What Is This???
Who forgot to pay the water bill last month? We had less than one inch of rain in September. However, the weather has not slowed the insects. Below are a few inquires the Caldwell Extension Center received that may relate to your outdoor endeavors.
Question: Do you know what this plant is with dark green leaves and white flowers?
Answer: I was not sure about the identity when I first looked at the picture. I shared it with my colleagues. Amanda Taylor, our horticulture agent, was able to identify it as spotted wintergreen. This is a native plant.
Answer: These are one of our woolly aphids species. Typically they do not need to be controlled if it is a large tree. However, if it is a small tree, I think it is a good idea to try to control them. I would use horticultural oil or insecticidal soap for control. This is fairly non-toxic to us and the environment. Sometimes, just using a water hose can wash them off.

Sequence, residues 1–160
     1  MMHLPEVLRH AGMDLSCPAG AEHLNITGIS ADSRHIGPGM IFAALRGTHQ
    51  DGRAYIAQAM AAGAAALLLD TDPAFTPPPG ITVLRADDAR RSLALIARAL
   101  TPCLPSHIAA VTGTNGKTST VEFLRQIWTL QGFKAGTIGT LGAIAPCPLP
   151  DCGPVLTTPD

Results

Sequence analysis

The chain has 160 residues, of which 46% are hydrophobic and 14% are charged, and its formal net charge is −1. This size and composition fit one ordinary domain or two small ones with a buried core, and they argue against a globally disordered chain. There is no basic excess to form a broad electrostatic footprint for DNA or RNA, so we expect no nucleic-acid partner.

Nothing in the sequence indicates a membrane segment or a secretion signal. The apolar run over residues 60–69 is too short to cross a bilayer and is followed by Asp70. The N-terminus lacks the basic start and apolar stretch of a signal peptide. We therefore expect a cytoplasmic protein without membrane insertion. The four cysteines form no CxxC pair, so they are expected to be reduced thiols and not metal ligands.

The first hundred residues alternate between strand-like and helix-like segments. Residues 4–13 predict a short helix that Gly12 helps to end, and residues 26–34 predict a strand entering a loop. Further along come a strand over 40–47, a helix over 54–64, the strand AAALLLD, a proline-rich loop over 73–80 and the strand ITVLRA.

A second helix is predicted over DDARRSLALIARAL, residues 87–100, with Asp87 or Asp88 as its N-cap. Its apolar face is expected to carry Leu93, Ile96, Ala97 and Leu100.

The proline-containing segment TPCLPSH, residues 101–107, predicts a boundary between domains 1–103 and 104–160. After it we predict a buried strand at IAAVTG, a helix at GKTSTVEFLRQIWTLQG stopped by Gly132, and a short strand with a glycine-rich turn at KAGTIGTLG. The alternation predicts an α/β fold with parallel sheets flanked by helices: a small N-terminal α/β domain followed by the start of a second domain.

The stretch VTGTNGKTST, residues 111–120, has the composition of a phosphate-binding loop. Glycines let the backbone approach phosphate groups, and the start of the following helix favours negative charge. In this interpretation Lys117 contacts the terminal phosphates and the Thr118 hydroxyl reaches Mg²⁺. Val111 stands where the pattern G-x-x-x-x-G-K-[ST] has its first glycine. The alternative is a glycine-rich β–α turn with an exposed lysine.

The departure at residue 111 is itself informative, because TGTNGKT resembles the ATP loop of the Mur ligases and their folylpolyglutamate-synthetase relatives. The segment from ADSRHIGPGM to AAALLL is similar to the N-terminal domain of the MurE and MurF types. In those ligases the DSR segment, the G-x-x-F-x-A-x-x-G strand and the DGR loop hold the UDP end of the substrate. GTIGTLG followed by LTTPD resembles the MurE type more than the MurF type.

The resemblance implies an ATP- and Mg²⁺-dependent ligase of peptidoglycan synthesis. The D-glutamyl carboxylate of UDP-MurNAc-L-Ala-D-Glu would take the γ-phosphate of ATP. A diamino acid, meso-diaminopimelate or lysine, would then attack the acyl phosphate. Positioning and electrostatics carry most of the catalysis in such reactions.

Question: Can you identify this caterpillar?
Question: We found centipedes (I think that’s what they are) in our yard that glow in the dark like a lightning bug. Are they harmless?
Answer: These bugs are called glow worms. Glow worms are the larvae of fireflies or lightning bugs. Late in the summer, female fireflies lay eggs in the soil. These eggs hatch into glow worms.
Glow worms are predators that feed on small insects, worms, slugs, and snails. At night these creatures patrol the thatch layer in lawns and other damp locations. In the daytime, they hide under loose bark, logs, and rocks. Next year these bugs will go through a complete metamorphosis and emerge as adults fireflies.